Q. I joined Blue Company three months ago. Since then my department has experienced a 40% turnover. I can see why. It’s disorganized and outdated. Our boss expects us to put in long hours to do meaningless work.
Time to leave?
The key question seems to be:
Are these departing employees reacting to a situation that (a) has happened recently, (b) is unlikely to change and (c) will affect you personally?
If circumstances changed shortly before you were hired (e.g., a merger or new CEO), you may be part of a new wave. You actually will benefit from these events.
Or maybe these departures have nothing to do with the company. Suddenly your field has opened up and recruiters have raided your group. If that’s the case, you may be in a position to raise questions about your compensation – always a judgment call.
Or you may be seeing the beginning of the end.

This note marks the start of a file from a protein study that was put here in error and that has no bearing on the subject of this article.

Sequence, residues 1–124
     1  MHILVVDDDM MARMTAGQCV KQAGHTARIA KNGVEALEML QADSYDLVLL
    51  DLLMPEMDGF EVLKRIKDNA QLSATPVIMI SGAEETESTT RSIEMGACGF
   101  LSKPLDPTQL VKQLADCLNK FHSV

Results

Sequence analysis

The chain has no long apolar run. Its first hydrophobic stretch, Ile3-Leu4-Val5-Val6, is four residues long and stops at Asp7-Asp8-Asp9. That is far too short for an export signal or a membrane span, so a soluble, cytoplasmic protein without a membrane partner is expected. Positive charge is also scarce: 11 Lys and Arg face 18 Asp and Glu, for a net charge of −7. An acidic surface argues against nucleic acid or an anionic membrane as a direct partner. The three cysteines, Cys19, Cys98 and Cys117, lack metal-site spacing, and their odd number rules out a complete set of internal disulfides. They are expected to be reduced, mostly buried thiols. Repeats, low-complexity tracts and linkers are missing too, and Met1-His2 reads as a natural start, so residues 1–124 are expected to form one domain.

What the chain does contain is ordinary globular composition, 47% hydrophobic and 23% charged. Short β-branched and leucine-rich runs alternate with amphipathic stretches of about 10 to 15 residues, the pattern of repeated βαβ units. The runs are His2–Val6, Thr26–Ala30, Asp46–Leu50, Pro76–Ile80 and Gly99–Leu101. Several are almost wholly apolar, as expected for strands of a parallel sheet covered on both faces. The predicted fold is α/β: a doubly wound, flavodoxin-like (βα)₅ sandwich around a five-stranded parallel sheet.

For example: I once worked for an organization with a truly incompetent department head. Unfortunately for him, employees in his department were highly marketable. One by one, they took off. They were hard to replace.
We thought the situation would go on forever.
But following the departure of 2 particularly valuable employees, management asked the department head to accept a lateral transfer. They promoted a well-respected employee to be the new manager until an outside search could be completed.
Bottom Line: We’ve all heard the saying about rats deserting a sinking shop. But is the ship really sinking? Has a new path to dry land just opened up? And can you find a safe corner that’s well-stocked with cheese — and nobody else is around to demand a share?
The thing to remember is – what’s best for you and your career? Often it’s hard to gain and keep perspective when a lot is going on. When you spend energy worrying about the conditions of the job, you get more frustrated and just doing your job becomes a problem. Generally you’ll do better to work with an objective, experienced professional. You’re guided to think through the situation in terms of what makes the most sense for you – not anyone else, not even the job. Click here to learn more.